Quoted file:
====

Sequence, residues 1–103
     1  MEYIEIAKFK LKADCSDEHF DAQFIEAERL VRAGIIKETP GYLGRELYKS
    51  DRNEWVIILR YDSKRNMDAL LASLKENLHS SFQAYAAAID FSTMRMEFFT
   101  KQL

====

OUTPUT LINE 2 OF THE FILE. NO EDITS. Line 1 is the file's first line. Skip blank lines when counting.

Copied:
     1  MEYIEIAKFK LKADCSDEHF DAQFIEAERL VRAGIIKETP GYLGRELYKS